THE LATEST inflation figure of 10.1% surprised many economists. It won’t have surprised many workers —except that it wasn’t higher.
The Mirror reported on the day of the announcement, ‘Struggling households are now faced with shocking food prices, with cheese 49% more expensive than a year ago, eggs up 28%, sugar 33% and a white sliced loaf 20%.’
‘Last month,’ The Mirror concludes, we ‘paid 19% more on a weekly shop, the highest [rise] since 1977’.
The other main driver of inflation is energy. According to government statistics (ONS) electricity rose by 66.7% last year and gas by an astronomical 129.4%.
Because working class families spend a far higher percentage of their income on fuel and food, for them inflation is much higher than 10%. But this is deliberately obscured by the fog of official statistics.
Yet Jeremy Hunt has the gall to say that rising wages were a ‘significant’ factor driving inflation. He claims the average wage rise of 6.9% is ‘inflationary’.
How can it be when pay is lagging multiple percentage points behind the headline inflation figure? And that’s before you even start to look at the real rise in the cost of living for working class families.
It shows the nurses and teachers were absolutely right to reject this Chancellor’s insult of an offer—less than 10% over two years! After a decade of real falling wages, nothing less than a real cost of living pay rise is ‘affordable’. Add to this the shortfall of over 40,000 nurses in the NHS and anyone can see that nurses’ (and junior doctors’) pay is a major factor in the deliberate run down of the NHS.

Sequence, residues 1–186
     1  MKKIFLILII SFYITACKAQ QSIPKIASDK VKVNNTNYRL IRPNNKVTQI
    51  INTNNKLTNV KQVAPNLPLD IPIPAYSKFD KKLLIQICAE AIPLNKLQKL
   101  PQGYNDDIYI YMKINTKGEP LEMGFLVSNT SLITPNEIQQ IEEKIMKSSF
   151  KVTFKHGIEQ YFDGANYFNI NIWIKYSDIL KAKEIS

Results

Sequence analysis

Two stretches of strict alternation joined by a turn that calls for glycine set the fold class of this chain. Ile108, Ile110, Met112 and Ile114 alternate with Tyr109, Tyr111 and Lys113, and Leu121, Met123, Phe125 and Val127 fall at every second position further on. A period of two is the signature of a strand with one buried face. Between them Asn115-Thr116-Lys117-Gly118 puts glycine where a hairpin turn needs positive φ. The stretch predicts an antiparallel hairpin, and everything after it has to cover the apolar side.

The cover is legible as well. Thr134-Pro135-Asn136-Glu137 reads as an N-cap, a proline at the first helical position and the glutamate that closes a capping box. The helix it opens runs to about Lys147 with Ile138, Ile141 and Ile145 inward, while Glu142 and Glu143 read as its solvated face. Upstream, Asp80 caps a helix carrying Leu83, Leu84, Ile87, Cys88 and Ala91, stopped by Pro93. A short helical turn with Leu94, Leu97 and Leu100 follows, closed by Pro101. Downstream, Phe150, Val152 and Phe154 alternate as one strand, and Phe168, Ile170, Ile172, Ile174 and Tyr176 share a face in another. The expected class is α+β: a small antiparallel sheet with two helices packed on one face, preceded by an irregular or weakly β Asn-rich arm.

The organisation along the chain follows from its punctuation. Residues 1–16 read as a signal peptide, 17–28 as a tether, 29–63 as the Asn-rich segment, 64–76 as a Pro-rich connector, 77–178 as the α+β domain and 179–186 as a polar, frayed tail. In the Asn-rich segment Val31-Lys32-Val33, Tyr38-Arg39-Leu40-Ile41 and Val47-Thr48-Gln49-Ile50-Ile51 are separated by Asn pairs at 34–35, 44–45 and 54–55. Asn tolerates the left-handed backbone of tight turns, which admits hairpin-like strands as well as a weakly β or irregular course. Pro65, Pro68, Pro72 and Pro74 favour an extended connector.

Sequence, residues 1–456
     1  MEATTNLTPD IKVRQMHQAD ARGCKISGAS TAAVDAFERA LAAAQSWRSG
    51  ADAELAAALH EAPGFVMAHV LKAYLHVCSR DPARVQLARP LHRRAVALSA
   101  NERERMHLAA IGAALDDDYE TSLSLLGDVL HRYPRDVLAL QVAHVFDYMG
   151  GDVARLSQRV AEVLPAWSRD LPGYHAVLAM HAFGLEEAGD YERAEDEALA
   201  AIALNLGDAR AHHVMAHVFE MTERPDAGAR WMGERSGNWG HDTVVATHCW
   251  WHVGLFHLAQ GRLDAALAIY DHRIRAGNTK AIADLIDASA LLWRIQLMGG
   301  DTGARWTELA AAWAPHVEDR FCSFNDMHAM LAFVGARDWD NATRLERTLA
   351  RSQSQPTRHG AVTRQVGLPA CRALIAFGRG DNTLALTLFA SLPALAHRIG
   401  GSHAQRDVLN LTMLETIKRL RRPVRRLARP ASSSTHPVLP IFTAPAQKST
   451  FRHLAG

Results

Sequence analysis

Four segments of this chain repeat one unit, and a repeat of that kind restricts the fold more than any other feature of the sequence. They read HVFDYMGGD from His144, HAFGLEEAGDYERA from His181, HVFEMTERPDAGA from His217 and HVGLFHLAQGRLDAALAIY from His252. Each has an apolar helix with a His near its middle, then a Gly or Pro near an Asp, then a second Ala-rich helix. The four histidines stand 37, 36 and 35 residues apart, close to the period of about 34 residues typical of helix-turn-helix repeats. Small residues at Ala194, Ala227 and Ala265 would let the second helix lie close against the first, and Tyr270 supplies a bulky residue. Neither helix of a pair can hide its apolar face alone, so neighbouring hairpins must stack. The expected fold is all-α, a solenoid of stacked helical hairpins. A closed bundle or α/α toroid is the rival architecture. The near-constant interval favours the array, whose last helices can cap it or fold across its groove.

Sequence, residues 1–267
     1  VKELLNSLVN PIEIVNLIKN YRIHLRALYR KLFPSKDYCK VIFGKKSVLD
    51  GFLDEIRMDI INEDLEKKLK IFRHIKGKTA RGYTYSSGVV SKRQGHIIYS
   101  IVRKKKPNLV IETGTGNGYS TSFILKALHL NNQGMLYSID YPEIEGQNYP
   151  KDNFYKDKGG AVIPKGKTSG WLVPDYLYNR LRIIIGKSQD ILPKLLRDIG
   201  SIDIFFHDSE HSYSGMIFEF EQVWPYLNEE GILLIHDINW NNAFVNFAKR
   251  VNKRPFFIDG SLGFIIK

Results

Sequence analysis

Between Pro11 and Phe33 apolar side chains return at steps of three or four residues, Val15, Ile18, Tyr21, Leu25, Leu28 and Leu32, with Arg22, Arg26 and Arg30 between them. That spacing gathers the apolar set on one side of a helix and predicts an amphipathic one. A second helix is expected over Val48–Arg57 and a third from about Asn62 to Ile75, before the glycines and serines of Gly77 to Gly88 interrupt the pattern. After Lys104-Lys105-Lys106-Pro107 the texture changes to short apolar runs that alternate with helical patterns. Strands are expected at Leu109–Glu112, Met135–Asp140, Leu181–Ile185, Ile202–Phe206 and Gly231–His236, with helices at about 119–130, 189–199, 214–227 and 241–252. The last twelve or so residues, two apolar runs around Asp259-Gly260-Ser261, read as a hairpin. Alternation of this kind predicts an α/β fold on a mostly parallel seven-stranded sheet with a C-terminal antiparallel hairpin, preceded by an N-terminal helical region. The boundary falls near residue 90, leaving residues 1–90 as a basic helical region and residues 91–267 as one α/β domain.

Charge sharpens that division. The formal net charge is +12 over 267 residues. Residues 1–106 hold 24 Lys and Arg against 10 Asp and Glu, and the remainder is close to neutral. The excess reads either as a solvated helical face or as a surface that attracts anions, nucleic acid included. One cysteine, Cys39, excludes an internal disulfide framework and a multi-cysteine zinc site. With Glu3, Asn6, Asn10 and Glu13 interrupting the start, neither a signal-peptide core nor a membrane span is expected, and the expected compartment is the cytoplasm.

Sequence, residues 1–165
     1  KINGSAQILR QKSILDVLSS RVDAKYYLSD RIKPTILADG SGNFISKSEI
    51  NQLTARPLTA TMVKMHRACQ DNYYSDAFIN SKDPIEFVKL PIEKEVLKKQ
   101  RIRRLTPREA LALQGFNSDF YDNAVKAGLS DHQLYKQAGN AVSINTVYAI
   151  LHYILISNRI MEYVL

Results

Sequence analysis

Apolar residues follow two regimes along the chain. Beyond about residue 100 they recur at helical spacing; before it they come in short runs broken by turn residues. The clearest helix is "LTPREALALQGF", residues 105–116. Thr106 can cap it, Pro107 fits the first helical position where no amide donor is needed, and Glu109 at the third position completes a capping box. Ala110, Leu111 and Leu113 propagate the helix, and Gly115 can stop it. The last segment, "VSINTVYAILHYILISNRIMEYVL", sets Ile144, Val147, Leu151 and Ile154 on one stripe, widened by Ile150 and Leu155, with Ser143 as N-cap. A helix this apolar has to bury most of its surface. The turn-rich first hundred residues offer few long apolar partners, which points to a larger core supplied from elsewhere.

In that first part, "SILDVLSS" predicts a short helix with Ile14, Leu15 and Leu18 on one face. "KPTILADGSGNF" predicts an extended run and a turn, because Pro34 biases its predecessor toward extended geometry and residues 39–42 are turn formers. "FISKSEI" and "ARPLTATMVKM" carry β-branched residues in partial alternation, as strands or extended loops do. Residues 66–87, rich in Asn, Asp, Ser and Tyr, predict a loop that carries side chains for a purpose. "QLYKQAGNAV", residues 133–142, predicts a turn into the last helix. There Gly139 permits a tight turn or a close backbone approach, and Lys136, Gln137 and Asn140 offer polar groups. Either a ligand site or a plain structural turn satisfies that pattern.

Forcing down real wages is what lies behind the Tories’ push to get over-50s back into work and the recently announced benefits sanctions to force the unemployed and single mums back into the labour market. Not because there’s any decent jobs out there, but to increase competition for work so that trade unionists will be afraid to put in for increases that make up for inflation.
The capitalists’ other tool to combat inflation is for the Bank of England to keep raising interest rates. This makes borrowing more expensive. But millions of us are trapped in debts we cannot easily get out of—on credit cards, mortgages, etc. Even renters will face increases as landlords put up their rents to pay off their mortgages.
Although the rate of price increases will likely slow, if energy prices come down, they will remain historically high, if the Bank of England increases interest rates to 5% and keeps them there for a long time.
It is at this point that economists predict indebted companies will start to fail, as the banks refuse to roll over their debts. That means closures and job cuts—unless there’s a fightback.
Stagflation—‘sticky’ inflation and a stalling or even recessionary economy—has returned to Britain. We may be bottom of the league table of western nations, but the whole of North America and Europe is facing a similar crisis.
Continuing wars, the disruption to supply lines and the contraction of world trade caused by rivalry between the great powers and the speeding up of global warming will also impact on the crisis, spelling misery for billions.
This makes the strikes all the more important to win. Two or even three year deals that tie in our best organised and most combative unions to falling real wages would be a disaster.
It is up to rank and file workers, like those behind the successful NHS Workers Say NO campaign, to organise resistance to the union leaders’ sell-out deals. Those currently balloting to strike must vote for action, so we can build the momentum up again.
But this time—in the second wave of strikes—we must force the union leaders to escalate the action, up to all-out indefinite strikes if necessary. We should demand they coordinate their strikes, their demos and their slogans. We must aim to bust the Tories’ economic policy to pieces.